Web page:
An association representing about 140 former MPs intends to fight any move to strip them of their travel discounts.
It says removing the discounts would breach a legal contract between them and the Government.
The travel allowance entitles former MPs to up to 90 per cent in taxpayer subsidies on their international travel costs.
The president of the Association of Former Members of Parliament, Graham Kelly - a Labour MP from 1987 until 2003 - said the group would resist any efforts to end the subsidies.
Mr Kelly said the allowance, which ended in 1999, was given to MPs as part of legally binding terms of employment and was taken into account when base salary rates were set.
"Our conditions were set at the time for those members - there are not that many involved - and it's a contract between the Government and them which would be broken if it was changed without mutual agreement."
In 2007, the association consulted an employment lawyer on how to protect the perk after businessman John Goulter's independent report on MPs' allowances recommended it be reviewed.
The lawyer stopped work when it became clear the Speaker would not pursue the recommendation.
The issue of the allowance arose again after the release of MPs' travel expenses and discovery that Taito Phillip Field was entitled to the perk, despite being convicted on bribery and corruption charges.
The Green Party wants it reviewed, and Prime Minister John Key and Labour leader Phil Goff have said they would not block this.
But there has been reluctance to remove the perk on a wider scale.
Present and former MPs elected before 1999 are entitled to discounts of 60 per cent on private international travel after nine years of service, 75 per cent after 12 years and 90 per cent after 15 years.
Former MPs' spending is capped at about $10,000 a year, but sitting MPs who are eligible face no limit.
The cost to taxpayers of former MPs' domestic and international travel costs came to $1.1 million in 2005/06 - the only year for which a figure can be found.
A former association secretary and National cabinet member, Dr Ian Shearer, said the ex-MPs had good reasons for keeping the perks.
Dr Shearer, 67, was an MP between 1975 and 1984. He said MPs were far less supported then, and had to make do without electorate office secretarial support, work which often fell to MPs' wives who received no acknowledgement for it.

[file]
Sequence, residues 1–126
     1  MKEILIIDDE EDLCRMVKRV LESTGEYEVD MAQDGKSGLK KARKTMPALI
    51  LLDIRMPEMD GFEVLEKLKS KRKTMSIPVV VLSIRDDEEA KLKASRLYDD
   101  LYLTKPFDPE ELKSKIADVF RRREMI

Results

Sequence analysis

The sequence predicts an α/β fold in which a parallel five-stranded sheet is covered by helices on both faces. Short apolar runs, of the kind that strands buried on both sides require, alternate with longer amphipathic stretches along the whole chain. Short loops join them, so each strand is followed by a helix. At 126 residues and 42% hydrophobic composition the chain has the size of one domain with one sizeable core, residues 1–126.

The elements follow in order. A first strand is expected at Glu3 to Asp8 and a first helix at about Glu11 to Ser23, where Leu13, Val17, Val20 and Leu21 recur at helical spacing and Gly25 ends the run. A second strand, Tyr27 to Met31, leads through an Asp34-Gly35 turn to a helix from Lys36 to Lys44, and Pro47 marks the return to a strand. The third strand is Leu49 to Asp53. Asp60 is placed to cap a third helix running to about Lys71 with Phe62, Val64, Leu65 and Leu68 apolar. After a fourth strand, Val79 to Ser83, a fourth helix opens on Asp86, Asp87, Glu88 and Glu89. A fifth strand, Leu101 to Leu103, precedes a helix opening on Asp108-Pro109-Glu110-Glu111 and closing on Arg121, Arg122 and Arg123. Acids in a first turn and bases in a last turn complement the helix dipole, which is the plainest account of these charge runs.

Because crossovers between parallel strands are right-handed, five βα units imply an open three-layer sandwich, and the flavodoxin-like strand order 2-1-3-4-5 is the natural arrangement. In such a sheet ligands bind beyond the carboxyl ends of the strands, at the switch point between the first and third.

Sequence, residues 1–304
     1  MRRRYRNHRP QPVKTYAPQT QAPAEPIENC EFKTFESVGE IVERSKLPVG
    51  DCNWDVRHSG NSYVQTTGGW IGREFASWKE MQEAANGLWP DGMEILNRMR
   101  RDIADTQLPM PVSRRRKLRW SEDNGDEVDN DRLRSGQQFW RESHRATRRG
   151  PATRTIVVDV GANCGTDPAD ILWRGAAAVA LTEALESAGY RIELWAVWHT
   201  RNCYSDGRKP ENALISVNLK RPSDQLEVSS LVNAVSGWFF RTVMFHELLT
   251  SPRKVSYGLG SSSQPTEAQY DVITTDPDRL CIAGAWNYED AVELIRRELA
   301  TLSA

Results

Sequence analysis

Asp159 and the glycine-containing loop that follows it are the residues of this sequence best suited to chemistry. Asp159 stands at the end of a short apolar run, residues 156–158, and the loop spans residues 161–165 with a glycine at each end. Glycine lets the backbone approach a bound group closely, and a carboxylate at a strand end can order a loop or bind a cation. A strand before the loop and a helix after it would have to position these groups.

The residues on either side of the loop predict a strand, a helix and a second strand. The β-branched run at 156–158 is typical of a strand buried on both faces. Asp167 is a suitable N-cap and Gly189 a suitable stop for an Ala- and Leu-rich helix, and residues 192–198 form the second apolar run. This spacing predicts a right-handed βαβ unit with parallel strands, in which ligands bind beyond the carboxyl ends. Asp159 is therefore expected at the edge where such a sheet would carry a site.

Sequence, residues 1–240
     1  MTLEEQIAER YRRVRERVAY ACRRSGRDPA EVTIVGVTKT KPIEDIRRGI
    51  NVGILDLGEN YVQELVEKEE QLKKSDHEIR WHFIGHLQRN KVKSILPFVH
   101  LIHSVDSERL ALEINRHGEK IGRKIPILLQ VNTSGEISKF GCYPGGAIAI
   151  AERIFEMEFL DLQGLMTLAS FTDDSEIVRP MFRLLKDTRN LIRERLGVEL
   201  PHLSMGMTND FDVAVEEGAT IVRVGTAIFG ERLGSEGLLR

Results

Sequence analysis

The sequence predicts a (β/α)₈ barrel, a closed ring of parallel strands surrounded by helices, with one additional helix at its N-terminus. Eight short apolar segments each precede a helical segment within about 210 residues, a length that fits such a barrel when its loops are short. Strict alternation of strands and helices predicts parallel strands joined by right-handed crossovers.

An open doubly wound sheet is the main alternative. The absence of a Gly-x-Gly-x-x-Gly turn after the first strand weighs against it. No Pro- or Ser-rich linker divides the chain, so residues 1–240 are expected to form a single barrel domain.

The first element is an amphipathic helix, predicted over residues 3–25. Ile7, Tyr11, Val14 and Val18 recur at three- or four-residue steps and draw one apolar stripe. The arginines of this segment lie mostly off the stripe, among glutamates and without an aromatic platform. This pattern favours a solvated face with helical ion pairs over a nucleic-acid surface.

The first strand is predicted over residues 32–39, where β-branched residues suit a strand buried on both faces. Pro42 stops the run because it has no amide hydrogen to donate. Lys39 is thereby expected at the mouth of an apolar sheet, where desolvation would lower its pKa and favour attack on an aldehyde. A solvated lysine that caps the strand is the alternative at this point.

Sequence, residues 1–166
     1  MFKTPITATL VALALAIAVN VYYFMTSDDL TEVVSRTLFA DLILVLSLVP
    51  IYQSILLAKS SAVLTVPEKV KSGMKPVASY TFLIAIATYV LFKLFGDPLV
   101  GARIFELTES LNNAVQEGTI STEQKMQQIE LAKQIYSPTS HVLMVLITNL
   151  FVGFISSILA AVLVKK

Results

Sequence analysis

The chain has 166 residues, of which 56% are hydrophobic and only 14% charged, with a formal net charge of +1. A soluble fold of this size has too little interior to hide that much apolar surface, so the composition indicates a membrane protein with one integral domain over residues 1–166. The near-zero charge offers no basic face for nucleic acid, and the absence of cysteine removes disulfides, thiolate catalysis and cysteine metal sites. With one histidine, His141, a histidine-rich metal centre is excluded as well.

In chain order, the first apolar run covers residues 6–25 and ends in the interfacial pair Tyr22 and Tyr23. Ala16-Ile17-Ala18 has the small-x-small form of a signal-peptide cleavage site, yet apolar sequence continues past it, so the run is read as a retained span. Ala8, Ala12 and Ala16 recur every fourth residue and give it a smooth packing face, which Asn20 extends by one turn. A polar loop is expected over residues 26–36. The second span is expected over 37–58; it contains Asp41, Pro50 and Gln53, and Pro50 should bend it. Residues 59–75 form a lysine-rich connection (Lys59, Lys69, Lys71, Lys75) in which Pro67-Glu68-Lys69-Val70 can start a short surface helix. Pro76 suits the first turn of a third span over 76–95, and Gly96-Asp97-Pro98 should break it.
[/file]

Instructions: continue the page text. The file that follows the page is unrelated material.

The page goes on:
"The wife invariably ended up doing all of the secretarial work; your home was the office for your political activities. There were a lot less of the fringe benefits available in those days so all of this has to be taken into account in this package.
"That was what the situation was like in those days. The wife and the family were involved in it. It is a heck of a lot easier now."
The travel allowance was introduced in the early 1970s, during the time of Labour Prime Minister Norman Kirk, in lieu of a pay rise for MPs.
Former MP Winston Peters said he didn't want to be interviewed on the subject.
"I'm not going to debase myself. Go and ask someone else."
Former National Party minister Peter Gresham - the 2007 Association president who sought legal advice after Mr Goulter's report - said matters were different for current MPs, but he could see no reason for axing the allowance.
"This was something that ruled at the time and was pertinent to the issues of the time and pertinent to the decisions made by the Higher Salaries Commission when our salaries were being fixed then.
"Clearly there's a big difference between what people used to be paid and what they are paid now."
* How much has it cost taxpayers?
In 2005/06 - $1.1 million for domestic and international travel by former MPs and their spouses.
In 2005/06 - $1.9 million for international travel by sitting MPs and their spouses, as well as spouses' domestic travel.
80 current MPs can get the discount for personal international travel. Of those, 28 will keep it when they leave Parliament. MPs who entered Parliament after 1999 do not get the discounts.